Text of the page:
Iceland has set a new Scandinavian record for cannabis use, as part of a trend whose roots go back to the bank collapse.
Traditionally, the cannabinoid of choice in Iceland has been hashish. However, Vísir now reports that marijuana is fast overtaking hash, as seeds that were previously imported from Holland are now being propagated here, and planted in tiny grow rooms all over the country.
Police say that the rise in marijuana’s popularity began with the financial collapse in autumn 2008. Its popularity has grown so much, in fact, that 23% of Icelandic secondary school students say they have tried it at least once – far ahead of any other secondary school students in other Scandinavian countries.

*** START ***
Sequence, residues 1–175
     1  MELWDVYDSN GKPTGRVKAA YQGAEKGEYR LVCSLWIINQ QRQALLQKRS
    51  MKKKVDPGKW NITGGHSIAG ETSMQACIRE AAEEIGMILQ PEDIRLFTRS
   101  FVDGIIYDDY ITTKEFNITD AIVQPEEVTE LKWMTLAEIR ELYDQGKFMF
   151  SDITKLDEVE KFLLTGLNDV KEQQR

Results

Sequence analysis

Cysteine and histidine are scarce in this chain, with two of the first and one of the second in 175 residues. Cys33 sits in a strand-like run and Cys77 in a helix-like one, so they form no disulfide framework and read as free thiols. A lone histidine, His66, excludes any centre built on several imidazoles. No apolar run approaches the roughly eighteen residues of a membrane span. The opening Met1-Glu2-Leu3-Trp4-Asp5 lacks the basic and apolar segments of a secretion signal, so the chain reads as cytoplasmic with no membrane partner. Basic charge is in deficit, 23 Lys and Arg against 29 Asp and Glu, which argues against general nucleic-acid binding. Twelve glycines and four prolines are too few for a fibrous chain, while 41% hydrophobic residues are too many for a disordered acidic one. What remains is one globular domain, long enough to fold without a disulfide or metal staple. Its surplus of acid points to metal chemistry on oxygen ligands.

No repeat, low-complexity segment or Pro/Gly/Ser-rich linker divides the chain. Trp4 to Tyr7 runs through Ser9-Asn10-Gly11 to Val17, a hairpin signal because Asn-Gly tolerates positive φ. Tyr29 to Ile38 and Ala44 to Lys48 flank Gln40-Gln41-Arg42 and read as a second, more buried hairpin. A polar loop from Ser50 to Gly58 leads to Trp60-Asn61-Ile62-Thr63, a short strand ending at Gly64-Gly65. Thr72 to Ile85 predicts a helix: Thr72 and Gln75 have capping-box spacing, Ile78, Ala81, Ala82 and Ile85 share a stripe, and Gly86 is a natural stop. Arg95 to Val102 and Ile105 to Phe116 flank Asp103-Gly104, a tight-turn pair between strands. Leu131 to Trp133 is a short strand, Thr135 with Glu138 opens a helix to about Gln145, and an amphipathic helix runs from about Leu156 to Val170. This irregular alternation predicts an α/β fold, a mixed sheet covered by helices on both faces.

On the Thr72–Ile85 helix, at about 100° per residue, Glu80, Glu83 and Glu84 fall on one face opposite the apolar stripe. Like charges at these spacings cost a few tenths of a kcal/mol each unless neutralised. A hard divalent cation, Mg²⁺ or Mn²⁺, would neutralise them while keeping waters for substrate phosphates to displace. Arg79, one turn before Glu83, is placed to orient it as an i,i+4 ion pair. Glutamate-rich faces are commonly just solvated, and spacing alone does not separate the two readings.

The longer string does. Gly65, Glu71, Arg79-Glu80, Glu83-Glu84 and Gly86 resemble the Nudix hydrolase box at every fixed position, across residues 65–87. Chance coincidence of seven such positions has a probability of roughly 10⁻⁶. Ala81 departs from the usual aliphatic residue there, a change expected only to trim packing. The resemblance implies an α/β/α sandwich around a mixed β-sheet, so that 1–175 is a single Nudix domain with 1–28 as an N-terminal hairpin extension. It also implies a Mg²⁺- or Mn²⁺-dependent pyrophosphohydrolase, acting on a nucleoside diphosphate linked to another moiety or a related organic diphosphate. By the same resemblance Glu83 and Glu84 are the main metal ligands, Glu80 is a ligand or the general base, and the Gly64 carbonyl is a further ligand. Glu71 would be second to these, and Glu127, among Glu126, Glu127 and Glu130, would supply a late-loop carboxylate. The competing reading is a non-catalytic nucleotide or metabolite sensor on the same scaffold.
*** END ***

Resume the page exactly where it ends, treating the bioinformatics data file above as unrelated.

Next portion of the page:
Árni Einarsson, the director of anti-drug group Education And Prevention, believes marijuana’s popularity in Iceland is due in part to the belief that marijuana is less dangerous than hashish. He cautions, though, that marijuana and hash contain the same ingredients. It would then be safe to say that their levels of harm are about the same.